On Dec. 22 the last students stuffed their belongings into suitcases and exited their UR dwellings. For the next three weeks, most of the normal campus operations were maintained while the faculty and staff suffered minor empty-nest syndrome.

Over the winter vacation, the majority of academic buildings remain open with reduced hours, while the residence halls, apart from Graduate Living Center, are closed, according to Vice President and General Secretary Paul Burgett.

“The Residential Life staff continue to occupy their offices, which can’t be too much fun because without the student residents, the buildings are dead,” Burgett explained. “Also, Wilson Commons is on a holiday schedule during which the building is only open from 8 a.m. to 5 p.m. No point in keeping it open because there’s nobody to play the game machines!”

According to Director of Wilson Commons Anne-Marie Algier, the staff uses the break to work on projects that were put on hold during the hectic times of the semester. The break because it is a perfect amount of time off, unlike the summer break when I end up really missing the students. The students bring a lot of energy and it’s great to see them come back from the winter break.”

In addition to completing unfinished projects, Algier said that she enjoyed the chance to socialize with her co-workers and discuss their lives outside of the university.

“Our staff went to the Holiday Inn to a happy hour. Time to go and have food and catch up with each other. But besides that fun, it wasn’t like we were like,’Yay! They’re not here! Let’s party every day!’ It’s actually really quiet,” she said.

Unlike the daily chaos of in-session campus parking, Algier mentioned that she has first choice parking during the break, which is convenient as the Rochester weather deteriorates.

“The parking is a breeze,” Algiersaid. “You can get any spot you want. I came in on [Jan.] 27 just to check on things and I didn’t see any people. It was so strange.”

Burgett agreed with Algier. He said the atmosphere on campus is the complete opposite of the energetic, lively ambience that the students provide with their presence in the residence halls.

“Many offices have holiday parties,” Burgett said. “They’re lots of fun because there’s food and some folks come to school wearing festive holiday clothing. But except for a few holiday parties and the occasional phone ringing, the campus is dead.”

A positive, but short lived, effect of this absence is the unusual cleanliness of the floors, bathrooms and hallways, according to Algier.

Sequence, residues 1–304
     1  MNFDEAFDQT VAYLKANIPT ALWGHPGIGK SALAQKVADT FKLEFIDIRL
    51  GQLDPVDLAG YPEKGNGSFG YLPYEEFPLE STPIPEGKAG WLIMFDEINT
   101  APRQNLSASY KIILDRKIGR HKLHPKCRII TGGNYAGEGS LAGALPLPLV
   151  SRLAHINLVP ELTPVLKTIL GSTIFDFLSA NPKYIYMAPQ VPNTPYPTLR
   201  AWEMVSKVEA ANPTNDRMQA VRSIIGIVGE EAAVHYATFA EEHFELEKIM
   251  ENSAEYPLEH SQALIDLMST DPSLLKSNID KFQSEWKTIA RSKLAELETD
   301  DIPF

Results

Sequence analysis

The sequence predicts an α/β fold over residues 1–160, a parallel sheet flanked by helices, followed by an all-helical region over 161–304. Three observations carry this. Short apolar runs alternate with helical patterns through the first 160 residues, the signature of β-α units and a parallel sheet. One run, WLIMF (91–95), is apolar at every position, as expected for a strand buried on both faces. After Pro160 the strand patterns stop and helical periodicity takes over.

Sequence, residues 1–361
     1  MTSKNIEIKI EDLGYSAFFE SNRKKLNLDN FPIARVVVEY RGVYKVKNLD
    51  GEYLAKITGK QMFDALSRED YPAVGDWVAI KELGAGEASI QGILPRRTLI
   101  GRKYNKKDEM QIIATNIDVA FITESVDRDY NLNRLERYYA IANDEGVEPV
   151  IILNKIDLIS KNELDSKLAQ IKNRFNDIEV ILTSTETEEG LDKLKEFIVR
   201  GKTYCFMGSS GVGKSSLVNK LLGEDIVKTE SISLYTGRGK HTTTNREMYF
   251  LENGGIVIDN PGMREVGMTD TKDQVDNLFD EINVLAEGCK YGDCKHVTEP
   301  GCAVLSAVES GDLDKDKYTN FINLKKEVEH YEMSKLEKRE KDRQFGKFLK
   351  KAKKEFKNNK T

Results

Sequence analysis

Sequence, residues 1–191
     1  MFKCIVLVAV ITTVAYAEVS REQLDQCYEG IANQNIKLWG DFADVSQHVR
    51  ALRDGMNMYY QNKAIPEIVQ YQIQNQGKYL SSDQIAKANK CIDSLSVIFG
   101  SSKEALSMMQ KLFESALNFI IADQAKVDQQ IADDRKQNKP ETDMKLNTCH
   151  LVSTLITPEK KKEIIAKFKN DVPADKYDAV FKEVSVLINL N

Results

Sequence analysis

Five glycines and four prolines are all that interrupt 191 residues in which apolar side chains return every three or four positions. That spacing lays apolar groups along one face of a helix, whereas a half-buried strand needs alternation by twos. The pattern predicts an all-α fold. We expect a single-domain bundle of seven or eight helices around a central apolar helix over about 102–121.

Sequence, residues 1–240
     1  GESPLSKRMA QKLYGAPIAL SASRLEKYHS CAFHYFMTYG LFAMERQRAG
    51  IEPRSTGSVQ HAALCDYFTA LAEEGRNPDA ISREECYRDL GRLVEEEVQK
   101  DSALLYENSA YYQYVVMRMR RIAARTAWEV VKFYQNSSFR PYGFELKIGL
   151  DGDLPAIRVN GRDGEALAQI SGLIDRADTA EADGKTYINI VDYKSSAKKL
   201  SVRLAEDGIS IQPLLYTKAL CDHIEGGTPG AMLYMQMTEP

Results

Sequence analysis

“This is the time when the custodial staff can do major things like stripping and waxing, things they can’t do when students are around, and it’s amazing. The floor shines and it’s like ‘wow,’ for a second,” she said.

“Then all of the kids come back and it’s dirty again. But it’s really nice to see the floors sparkling clean for just a few days.”

The Susan B. Anthony Residence Hall custodian James Robinson commented on the large amount of work conducted by the custodial staff during winter break.

“We got a lot done during the break, but it was so lonely here without the students walking around. It’s very slow and quiet. We do miss [the students] when they go home,” Robinson said. “We talk to a lot of the students while we work and it’s not as fun cleaning without them.”

Freshman Greg Witkin said that he believes the faculty and staff spend the winter break utilizing the campus facilities for entertainment as opposed to accomplishing work as they claim.

“I think that the campus completely freezes over so the faculty and staff run through the tunnels and play tag and manhunt in the stacks. Maybe they have extreme ice fishing competitions,” he joked.

Like the majority of students, sophomore Lisa Span admitted that she had no idea what occurred on the campus during winter break.

“I would think that the campus is really quiet and that the people who are here wouldn’t have much to do. Truthfully, I never really thought about it before. I was too excited to go home,” she said.

While the staff and faculty continued their routines and most students returned to their pre-college, parent-run homes, a small group of students traveled to Malawi, southeastern Africa, where they engaged in culture exchange activities, according to junior Seth Baum.

“We spent one week in Gowa, a 200-person village that was literally off the beaten path- it was a two-hour walk from the nearest highway. We lived with families there, we also built a permaculture garden, which will be used for demonstrations and laboratories, outside the Gowa school,” Baum said.

“We spent the other week experiencing various facets of Malawi culture, learning about permaculture, and going on a safari. The trip was an amazing.”



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